Uneasy riders

      As Valerie O’Sullivan awoke one morning from uneasy dreams she found herself transformed in her bunk into a rag doll. There was a tapping at the window and she asked, “Who’s there?” It was an unexpected, muggy spring, the spring following the Americans held hostage at U.S. Embassy in Tehran and she didn't know what she was doing in Maine.

      Dominic Lambietto raised the wooden sash and grinned, “Hey Val let’s go over to the beach.”

      Two years after the polio was discovered, the intense therapy that followed and she was still dreaming that she was whole. As she slipped blue shorts and a matching tank top over her bathing suit Valerie wondered when she would accept this as normal. Fumbling with the straps on the leg braces that supported her weakened muscles she stood up and almost tipped over grabbing her crutches. Dom would want to go over in her father’s small launch since it was set up to accommodate the wheelchair.

      He pushed off quietly in the cool morning, rowed out from the shore until he thought starting the motor wouldn’t alert anyone to their adventure. To the right was Moose Island. It got its name from the animals trapped there after the spring thaw. It was less than two miles in diameter and sometimes moose stumbled across the ice and into winter woods. Even though folks called it Panther Pond was really a lake fed by a fresh water spring.

      Dominic cut the motor and tipped it up as they glided over a small sandbar. The tide was out and the bottom of the boat scraped to a sudden stop pitching Valerie forward onto the bench. They both giggled as she plopped herself on it for the rest of the short ride. She watched the water slip by; every time she began to contemplate what the rest of the summer would be like, her stomach lurched with excitement.

    Come on and be my little good luck charm

      A thin crescent moon, Venus and Mercury formed a triangle on the horizon. They had been to camp since childhood and spent many summers watching Mars grow in redness until it would reach its command performance in August.

      Valerie asked, “Did you hear Dougie squeal last night? "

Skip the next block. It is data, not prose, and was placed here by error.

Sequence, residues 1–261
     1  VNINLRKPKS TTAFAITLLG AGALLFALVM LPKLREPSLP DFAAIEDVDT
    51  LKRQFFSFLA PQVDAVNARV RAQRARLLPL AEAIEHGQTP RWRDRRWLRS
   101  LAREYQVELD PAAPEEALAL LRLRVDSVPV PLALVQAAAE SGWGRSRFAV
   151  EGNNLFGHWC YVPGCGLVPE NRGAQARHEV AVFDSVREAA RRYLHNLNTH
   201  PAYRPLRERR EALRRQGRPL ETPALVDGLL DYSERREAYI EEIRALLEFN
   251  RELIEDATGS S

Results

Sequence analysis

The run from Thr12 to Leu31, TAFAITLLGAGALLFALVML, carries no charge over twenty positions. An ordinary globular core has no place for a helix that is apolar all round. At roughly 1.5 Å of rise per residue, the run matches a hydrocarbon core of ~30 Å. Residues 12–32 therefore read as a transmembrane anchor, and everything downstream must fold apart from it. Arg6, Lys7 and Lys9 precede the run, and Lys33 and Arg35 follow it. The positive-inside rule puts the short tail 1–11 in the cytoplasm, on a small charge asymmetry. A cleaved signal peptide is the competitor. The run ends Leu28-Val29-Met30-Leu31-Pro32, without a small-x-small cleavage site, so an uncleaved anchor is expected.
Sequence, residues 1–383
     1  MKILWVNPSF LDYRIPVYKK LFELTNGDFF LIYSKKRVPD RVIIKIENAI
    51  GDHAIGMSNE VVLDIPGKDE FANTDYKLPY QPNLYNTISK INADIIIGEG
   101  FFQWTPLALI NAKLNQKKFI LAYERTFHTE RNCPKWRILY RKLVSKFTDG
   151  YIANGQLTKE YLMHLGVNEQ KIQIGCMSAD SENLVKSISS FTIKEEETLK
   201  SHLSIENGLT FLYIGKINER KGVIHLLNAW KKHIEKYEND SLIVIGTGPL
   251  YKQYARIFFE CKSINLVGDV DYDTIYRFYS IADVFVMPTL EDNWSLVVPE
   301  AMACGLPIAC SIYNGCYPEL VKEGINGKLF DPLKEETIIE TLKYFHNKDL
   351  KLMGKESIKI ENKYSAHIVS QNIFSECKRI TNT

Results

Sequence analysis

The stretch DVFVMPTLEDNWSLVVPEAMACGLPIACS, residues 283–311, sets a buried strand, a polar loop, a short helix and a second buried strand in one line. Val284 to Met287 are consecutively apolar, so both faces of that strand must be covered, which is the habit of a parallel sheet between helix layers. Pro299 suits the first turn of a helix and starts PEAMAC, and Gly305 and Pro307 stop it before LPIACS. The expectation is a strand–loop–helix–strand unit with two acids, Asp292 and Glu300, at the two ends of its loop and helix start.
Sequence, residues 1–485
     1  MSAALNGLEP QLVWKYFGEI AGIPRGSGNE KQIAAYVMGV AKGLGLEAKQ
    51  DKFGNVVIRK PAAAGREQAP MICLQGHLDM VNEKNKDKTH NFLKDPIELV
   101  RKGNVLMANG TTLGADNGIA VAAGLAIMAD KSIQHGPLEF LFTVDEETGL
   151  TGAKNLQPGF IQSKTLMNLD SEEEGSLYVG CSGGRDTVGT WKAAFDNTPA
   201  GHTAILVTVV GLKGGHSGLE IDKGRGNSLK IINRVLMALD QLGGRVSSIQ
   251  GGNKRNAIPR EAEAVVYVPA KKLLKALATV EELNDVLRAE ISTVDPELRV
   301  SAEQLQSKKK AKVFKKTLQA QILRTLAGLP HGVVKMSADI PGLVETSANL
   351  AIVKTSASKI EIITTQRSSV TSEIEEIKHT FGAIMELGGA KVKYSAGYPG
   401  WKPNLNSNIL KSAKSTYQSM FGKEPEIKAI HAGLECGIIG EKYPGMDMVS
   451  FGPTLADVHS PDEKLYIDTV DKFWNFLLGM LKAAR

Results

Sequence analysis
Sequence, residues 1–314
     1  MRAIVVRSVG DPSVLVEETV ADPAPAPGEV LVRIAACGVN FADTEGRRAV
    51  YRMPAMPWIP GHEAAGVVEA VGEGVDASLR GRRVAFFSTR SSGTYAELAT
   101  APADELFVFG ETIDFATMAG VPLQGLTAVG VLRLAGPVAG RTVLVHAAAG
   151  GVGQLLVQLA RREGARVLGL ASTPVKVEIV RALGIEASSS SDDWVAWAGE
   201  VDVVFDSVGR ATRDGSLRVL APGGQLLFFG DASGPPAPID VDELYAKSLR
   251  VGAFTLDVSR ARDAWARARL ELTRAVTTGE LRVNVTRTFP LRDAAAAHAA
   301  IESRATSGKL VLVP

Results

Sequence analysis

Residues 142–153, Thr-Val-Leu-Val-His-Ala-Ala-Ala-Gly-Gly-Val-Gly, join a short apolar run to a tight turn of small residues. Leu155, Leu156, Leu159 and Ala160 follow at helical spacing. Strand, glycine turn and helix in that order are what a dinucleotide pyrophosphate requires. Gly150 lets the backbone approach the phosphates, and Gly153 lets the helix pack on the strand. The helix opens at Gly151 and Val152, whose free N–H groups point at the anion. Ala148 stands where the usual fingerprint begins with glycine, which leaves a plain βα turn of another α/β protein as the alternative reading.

They both snickered at Dougie’s shock of brushing the top of Val’s foot with his and exclaiming how soft it was. It had been her deal and Val called out Hearts for this game. Sometime during the conversation Carol tittered on about her upcoming dances then Val had wondered out loud how she would be able to dance if she was asked. Her face had drawn for a moment then she laughed with the rest.

      Dom said, "That’s precisely why we are here at the butt crack of dawn. You and I are going into the water and we’re going to boogie across to Moose Island."

      "Sure." said Val with some hesitation and she took off the braces then crawled across the sand then plowing through the waves with strong arms. Dominic caught up with her wrapped his arms around her waist then sang in his worst Elvis Presley voice as they danced through the gentle roll of the waves, There's a laaady who's suure all that gliiitters is gooold, And she's buy- yi-ying a stairway to heaaaa-UHH-vuuuun

      Val sang along in a strong mezzo-soprano. As the off key harmony rose in the air, red winged blackbirds took cover from the bear in the blackberry brushes their tender shoots strained skyward destined to be eaten by the local bull moose. As they approached the island neither saw him standing alert in the alder branches overlooking a seaside trail worn deep by his enemy's regular patrols.

      It would be a rich summer, one with life changing events that altered Val from a young girl who anxious if anyone would ever love her, into a woman confident in the love of another who looked past the burdens of her legs and saw her for who she really was. At least these were her thoughts.

      For a few weeks they worked together until Val could drop the crutches by pressing her knees together and balancing her weight on his arms while they shuffled around the porch in step with the tunes they played on his Aunt Betty’s ancient Victrola. How could she have known that by the end of summer she would also be stronger and wiser in ways neither one had yet to imagine.

      They were all shocked and amazed when the coach called. A scout had video taped Dominc playing short stop last season and the Red Sox wanted him at Fenway Park for some early tryouts. His record-breaking sprints made him one of the best base runners Raymond, Maine had ever seen. The gang at the Stone Dog Cafe up at Windam had congratulated him. Val was so keyed up as she drove him to Twitchell's Airport to see him off. He hugged her hard and gave her the glove he used all through Little League. She took it home and hung it on the wall where she could see it every day.